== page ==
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The Airplane Oxygen Mask Approach to $

The Airplane Oxygen Mask Approach to $

The month we anticipate all year has finally arrived! It’s financial literacy month: the perfect time to pause and check in on your financial health and the financial literacy of your kids. But if you’re like most of us, you have more knowledge than you do action. This month, take the airplane oxygen mask approach to financial literacy: before you shower your children with knowledge, make sure you’re turning your own knowledge into action. Not sure where to start? Start with these five steps.

Give Budget Breakers the Boot

Perhaps you know that your coffee spending has gotten out of control, or that your list of streaming services could use some reigning in. Yet here you are, 14 months later, having spent $100 per month on nothing but video. Take two hours to sit down with your bank statements and search for the culprits. Highlight anything that gives you that “meh” feeling, and star it if it’s a recurring charge. Ask yourself, “can I do without this?” and cancel any service that earns an emphatic yes.

Adjust Your Money Mindset

Many of our bad money habits (the ones we pass down to our kids) are rooted in wrong perspective. The feeling that a budget is suffocating rather than empowering, for example. Or the belief that putting money into savings or a 401K is akin to throwing it out the window (if I’m not using it, it’s like I never made it!) Write down your most honest thoughts about money, then read through them and find where you’re believing something that’s negatively impacting your spending habits. Mindsets you can take to the bank: a penny saved is a penny earned; time is money; financial freedom is within reach. Those are mindsets you can take to the bank.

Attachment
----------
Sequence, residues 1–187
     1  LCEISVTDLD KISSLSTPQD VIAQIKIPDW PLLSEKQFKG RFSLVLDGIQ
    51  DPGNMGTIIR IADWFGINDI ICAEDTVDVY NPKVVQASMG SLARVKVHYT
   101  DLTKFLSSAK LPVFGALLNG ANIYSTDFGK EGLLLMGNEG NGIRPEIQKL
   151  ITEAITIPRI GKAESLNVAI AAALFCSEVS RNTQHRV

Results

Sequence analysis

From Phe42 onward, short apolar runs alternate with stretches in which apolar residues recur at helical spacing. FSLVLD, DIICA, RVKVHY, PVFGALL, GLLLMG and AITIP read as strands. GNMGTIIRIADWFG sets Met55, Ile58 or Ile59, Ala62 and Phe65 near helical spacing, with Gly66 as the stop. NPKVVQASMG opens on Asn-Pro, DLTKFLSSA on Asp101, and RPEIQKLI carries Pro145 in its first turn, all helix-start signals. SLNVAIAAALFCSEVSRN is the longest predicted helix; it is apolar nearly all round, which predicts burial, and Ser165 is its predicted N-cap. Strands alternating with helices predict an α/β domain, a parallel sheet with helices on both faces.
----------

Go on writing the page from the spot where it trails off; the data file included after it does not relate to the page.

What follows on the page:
Biz Kid resource: What’s Your Money Personality episode

Establish Your Emergency Fund

The recession that began in 2008 was a wakeup call for people around the world. The majority of Americans living paycheck to paycheck realized that their lack of savings could actually come back to bite them. Meanwhile, the large TV they purchased instead of establishing an emergency fund was of little consolation. Do you need an emergency fund? Yes. How much do you need? Start with $1000. When you’ve done that, save a month’s salary. Check? Go for three months. Then six. Little by little, you’ll be weaving a safety net that will provide comfort in hard times. (Much more comforting than anything money could buy today.)

Biz Kid resource: Wheel of Misfortune episode

Draw a Line on Debt

One of the fastest ways to sabotage your financial future is to get in over your head with credit cards. For Americans, we tend to define “need” very broadly. We need food to eat. But do we need new shoes? Do we need to go on vacation? Credit can be a helpful financial tool. But just like a scalpel, it’s a tool than can also be quite dangerous. How do you know you need to cool it with your credit cards? If your balance has you thinking “what’s another ten dollars?” it might be time to freeze your cards. Literally.

Resource for your Biz Kid: “My First Credit Card” episode

Make Money Work for You

All of this cutting and denying has to have some rewards, right? Every dollar you save today is a dollar you’ll have tomorrow, right? Wrong. If you make your money work for you, every dollar your save today could be $2 you have tomorrow. Or $3. Or more. It all depends on how far tomorrow is and how much interest you can snowball in the meantime. Brush up on your understanding of compound interest. Each time you’re contemplating whether or not to “reward” yourself by spending, remembering that you could be “rewarding yourself” many times over in the future.
Resource for your Biz Kid: Compound Interest clip

Did you do it? Did you turn your financial knowledge into action? If so, you’re ready to impart your wisdom to your children. Need some help? Our new online money course for teens is here to help.

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